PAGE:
In recent years, a string of former NFL players and other athletes who suffered concussions have been diagnosed after their deaths with CTE, including Junior Seau and Ray Easterling, who both committed suicide.
In August, the NFL agreed to pay approximately $765 million to settle lawsuits filed by more than 4,500 former players who developed dementia or other concussion-related health problems they say were caused by playing football. The settlement, subject to approval by a federal judge Philadelphia, would apply to all past NFL players and spouses of those who are deceased.
Plaintiff’s attorneys say individual payouts would be capped at $5 million for men with Alzheimer’s disease; $4 million for those diagnosed after their deaths with a brain condition called chronic traumatic encephalopathy; and $3 million for players with dementia.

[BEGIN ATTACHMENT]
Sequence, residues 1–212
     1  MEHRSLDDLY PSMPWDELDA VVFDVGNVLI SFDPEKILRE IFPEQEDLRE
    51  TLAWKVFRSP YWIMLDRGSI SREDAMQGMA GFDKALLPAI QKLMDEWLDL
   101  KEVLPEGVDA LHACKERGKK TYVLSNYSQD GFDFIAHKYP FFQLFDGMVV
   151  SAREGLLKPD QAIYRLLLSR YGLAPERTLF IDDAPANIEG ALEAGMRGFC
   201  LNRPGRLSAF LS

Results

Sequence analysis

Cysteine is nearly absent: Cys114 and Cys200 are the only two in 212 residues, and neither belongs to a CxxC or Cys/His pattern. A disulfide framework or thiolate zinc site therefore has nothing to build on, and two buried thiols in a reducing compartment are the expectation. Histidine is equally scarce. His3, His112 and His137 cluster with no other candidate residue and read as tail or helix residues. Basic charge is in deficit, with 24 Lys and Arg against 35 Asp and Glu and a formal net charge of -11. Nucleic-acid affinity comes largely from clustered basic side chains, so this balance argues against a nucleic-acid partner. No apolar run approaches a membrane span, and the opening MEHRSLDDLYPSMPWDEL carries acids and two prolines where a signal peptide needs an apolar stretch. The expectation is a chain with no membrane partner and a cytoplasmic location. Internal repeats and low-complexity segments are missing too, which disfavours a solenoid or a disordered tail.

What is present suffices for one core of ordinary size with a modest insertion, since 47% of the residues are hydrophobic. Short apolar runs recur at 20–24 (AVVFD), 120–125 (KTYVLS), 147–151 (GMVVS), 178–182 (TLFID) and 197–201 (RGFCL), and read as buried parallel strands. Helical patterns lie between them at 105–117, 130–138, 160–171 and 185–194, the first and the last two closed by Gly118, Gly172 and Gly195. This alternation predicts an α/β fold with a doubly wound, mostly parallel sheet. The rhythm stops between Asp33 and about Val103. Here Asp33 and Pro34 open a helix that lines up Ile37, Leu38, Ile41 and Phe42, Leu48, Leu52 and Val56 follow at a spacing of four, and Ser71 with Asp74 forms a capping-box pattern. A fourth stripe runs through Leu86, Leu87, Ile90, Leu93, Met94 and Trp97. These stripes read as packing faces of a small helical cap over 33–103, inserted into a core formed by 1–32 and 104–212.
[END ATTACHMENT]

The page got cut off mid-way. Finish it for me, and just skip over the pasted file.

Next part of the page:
About 19,000 retired players would be eligible to seek awards or medical testing, but current players are not part of the deal. The settlement does not include an admission from the NFL that it hid information from players about head injuries.
At the time, the settlement announcement appeared to remove a major legal and financial threat hanging over the NFL. But if too many former players opt out, the deal could fall apart.